v

您的位置:VeryCD图书教育科技

图书资源事务区


《工程设计系统方法》(Engineering Design A systematic Approach)(G. Pahl, W. Beitz, J. Feldhusen, K.-H. Grote)原版[PDF]

  • 状态: 精华资源
  • 摘要:
    出版社Springer
    发行时间2007年01月
    语言英文
  • 时间: 2010/01/13 11:49:34 发布 | 2010/01/13 13:46:34 更新
  • 分类: 图书  教育科技 

zl1com

精华资源: 5

全部资源: 6

相关: 分享到新浪微博   转播到腾讯微博   分享到开心网   分享到人人   分享到QQ空间   订阅本资源RSS更新   美味书签  subtitle
该内容尚未提供权利证明,无法提供下载。
中文名工程设计系统方法
原名Engineering Design A systematic Approach
别名机械工程设计系统教程
资源格式PDF
版本原版
出版社Springer
书号1846283183
发行时间2007年01月
地区德国
语言英文
简介

IPB Image

关于这本书

本书全面的介绍了机械工程设计中的系统方法,全书共617页,每页的知识和方法都是前人辛勤总结和归纳的,如果你对国内的机械工程设计教材的难度不再满足,想要寻求进一步提高的话,本书是你理想的选择,前提是你的专业英语要十分的好。

Effective engineering design must be carefully planned and systematically executed. In particular, engineering design methods must integrate the many different aspects of designing and the priorities of the end-user.
This proven and internationally recognized text teaches the methods and ideas of engineering design as a condition of successful product development. It breaks down the design process into phases and then into distinct steps, each with its own working methods. Having established itself, in earlier editions, as a key text, Engineering Design (3rd edition) is enhanced with more input from practising engineers, providing more examples of product development; it also tightens the scientific bases of its design ideas with new solution fields in composite components, building methods, mechatronics and adaptronics and pays attention to the economic aspects of design and development including quality assurance. The third edition also integrates electronic design process technology into its methods.
Engineering Design (3rd edition) is translated and edited by Ken Wallace, Chairman of the Engineering Design Centre at the University of Cambridge and Luciënne Blessing, Professor of Engineering Design at the Technical University of Berlin. It is translated from the sixth German edition.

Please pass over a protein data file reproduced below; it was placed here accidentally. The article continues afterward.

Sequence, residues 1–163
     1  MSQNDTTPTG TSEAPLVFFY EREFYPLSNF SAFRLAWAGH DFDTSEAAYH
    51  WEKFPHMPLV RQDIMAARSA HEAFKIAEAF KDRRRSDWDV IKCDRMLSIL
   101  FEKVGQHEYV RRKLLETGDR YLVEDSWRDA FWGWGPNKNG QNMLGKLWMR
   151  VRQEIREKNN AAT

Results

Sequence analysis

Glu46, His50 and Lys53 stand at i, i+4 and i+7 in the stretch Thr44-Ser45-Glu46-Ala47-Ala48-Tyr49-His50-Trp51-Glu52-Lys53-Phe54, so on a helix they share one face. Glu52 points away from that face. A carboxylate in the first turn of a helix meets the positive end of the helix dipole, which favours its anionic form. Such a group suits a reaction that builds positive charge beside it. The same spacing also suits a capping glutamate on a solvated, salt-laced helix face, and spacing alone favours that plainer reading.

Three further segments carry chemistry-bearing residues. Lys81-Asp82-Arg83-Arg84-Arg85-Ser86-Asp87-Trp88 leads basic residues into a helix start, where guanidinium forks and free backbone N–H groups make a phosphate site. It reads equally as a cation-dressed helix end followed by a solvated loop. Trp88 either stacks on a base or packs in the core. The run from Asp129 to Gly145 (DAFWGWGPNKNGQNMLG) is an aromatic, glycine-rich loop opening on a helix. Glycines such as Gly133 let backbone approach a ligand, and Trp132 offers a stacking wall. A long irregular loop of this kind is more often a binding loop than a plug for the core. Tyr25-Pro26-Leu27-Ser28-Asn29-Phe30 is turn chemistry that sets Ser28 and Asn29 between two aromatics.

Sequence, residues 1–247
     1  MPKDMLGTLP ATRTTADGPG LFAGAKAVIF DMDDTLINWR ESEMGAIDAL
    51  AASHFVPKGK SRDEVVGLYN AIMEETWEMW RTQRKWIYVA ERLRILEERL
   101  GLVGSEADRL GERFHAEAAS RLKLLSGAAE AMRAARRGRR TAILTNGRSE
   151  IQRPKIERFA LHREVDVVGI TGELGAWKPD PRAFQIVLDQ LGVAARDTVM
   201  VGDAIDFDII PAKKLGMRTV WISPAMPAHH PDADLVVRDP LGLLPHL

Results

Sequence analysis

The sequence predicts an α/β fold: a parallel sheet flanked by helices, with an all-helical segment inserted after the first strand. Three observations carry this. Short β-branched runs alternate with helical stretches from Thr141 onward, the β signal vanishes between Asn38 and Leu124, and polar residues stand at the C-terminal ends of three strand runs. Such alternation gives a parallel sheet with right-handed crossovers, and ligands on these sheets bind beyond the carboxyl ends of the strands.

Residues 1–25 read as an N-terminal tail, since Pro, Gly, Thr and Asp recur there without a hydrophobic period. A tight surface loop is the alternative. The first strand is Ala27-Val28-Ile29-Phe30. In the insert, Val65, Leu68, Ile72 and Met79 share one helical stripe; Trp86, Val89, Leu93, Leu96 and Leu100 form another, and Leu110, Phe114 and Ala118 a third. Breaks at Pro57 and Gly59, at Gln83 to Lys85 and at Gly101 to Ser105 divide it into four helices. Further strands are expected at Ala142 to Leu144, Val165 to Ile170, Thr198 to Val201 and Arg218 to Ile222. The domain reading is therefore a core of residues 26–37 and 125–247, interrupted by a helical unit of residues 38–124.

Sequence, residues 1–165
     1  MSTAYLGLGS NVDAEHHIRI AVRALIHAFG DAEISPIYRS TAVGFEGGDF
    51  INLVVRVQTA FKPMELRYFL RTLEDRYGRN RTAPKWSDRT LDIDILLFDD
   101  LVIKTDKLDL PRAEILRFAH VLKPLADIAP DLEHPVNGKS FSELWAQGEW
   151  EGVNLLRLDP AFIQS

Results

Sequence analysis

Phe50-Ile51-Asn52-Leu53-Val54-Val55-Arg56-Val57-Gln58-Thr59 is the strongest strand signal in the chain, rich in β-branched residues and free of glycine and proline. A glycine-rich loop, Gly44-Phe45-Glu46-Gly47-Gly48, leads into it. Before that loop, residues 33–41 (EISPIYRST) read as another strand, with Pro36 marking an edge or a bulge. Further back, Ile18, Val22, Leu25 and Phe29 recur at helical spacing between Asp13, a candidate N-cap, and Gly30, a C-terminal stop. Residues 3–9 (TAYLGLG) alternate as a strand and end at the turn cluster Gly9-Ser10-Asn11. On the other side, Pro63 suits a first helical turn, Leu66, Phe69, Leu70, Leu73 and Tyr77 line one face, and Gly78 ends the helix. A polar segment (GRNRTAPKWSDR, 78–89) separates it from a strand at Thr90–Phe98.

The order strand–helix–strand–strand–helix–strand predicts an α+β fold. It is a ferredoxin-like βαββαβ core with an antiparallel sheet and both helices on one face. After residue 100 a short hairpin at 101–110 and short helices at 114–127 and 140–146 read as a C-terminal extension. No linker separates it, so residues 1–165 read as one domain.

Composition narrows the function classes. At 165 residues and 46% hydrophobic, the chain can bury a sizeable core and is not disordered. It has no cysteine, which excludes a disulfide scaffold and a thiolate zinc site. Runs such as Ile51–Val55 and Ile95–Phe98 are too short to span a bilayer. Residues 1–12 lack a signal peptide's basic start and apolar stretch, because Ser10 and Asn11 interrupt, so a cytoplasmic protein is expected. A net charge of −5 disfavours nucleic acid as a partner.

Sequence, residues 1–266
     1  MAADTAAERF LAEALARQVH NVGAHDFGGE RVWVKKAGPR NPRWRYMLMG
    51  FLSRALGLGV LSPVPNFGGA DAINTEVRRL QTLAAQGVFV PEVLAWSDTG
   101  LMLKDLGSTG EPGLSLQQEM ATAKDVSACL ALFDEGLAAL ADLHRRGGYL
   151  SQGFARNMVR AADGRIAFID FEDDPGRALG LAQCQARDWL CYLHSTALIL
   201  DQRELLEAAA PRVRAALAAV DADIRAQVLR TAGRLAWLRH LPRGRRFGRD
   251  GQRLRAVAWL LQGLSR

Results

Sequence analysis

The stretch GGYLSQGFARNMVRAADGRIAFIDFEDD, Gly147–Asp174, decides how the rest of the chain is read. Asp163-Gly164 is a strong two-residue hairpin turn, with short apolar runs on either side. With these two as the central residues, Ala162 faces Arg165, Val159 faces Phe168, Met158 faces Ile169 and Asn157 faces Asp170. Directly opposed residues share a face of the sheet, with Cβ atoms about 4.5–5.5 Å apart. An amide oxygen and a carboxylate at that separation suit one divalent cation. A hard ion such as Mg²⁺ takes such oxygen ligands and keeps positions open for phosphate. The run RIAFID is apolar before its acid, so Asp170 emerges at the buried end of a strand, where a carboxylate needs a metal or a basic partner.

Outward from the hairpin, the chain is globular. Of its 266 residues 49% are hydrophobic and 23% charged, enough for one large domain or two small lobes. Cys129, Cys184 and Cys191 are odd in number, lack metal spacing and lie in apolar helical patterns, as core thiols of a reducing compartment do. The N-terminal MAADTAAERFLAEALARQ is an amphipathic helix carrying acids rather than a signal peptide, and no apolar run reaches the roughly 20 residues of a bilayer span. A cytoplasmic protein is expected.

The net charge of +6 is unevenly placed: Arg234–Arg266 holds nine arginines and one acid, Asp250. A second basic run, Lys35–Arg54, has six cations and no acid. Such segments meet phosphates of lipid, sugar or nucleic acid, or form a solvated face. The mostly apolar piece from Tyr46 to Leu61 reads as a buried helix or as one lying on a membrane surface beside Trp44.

Topics covered include:
psychology of design;
product planning and development;
the design process including design for recycling;
conceptual design;
embodiment design;
size ranges and modular products;
design for quality and minimum cost.
Written to provide students and tutors of engineering design with all the fundamental information they require in a crucial subject, Engineering Design (3rd edition) will also be of immense value as a reference to anyone working in the area.
Written for:
Graduate and senior undergraduate students in engineering design; tutors and other academics teaching and studying engineering design; libraries
Keywords:
Cost
Design Process
Engineering Design
Mechanical Engineering
Product Development
Quality

如果对此书感兴趣,建议购买正版,原价74,95 €
下面是购买地址
http://www.springer.com/engineering/mechan...28-318-5

工作时间供源 麻烦各位下完后帮忙分源
有什么问题可以留言
www.design4bread.com

部分截图
IPB Image
IPB Image
IPB Image



目录

1 Introduction . . . . . . . . . . . . . . . . . . . . . . . . . . . . . . . . . . . . . . . . . . 1
1.1 The EngineeringDesigner . . . . . . . . . . . . . . . . . . . . . . . . . . 1
1.1.1 Tasks and Activities . . . . . . . . . . . . . . . . . . . . . . . . . 1
1.1.2 Position of the Design Process
within a Company . . . . . . . . . . . . . . . . . . . . . . . . . . 6
1.1.3 Trends . . . . . . . . . . . . . . . . . . . . . . . . . . . . . . . . . . . . 6
1.2 Necessity for SystematicDesign . . . . . . . . . . . . . . . . . . . . . 9
1.2.1 Requirements and the Need
for SystematicDesign . . . . . . . . . . . . . . . . . . . . . . . 9
1.2.2 Historical Background . . . . . . . . . . . . . . . . . . . . . . 10
1.2.3 CurrentMethods . . . . . . . . . . . . . . . . . . . . . . . . . . . 14
1.2.4 Aims andObjectives of this Book . . . . . . . . . . . . . 19
2 Fundamentals . . . . . . . . . . . . . . . . . . . . . . . . . . . . . . . . . . . . . . . . . 27
2.1 Fundamentals of Technical Systems . . . . . . . . . . . . . . . . . . 27
2.1.1 Systems, Plant, Equipment, Machines,
Assemblies and Components . . . . . . . . . . . . . . . . . 27
2.1.2 Conversion of Energy,Material and Signals . . . . 29
2.1.3 Functional Interrelationship . . . . . . . . . . . . . . . . . 31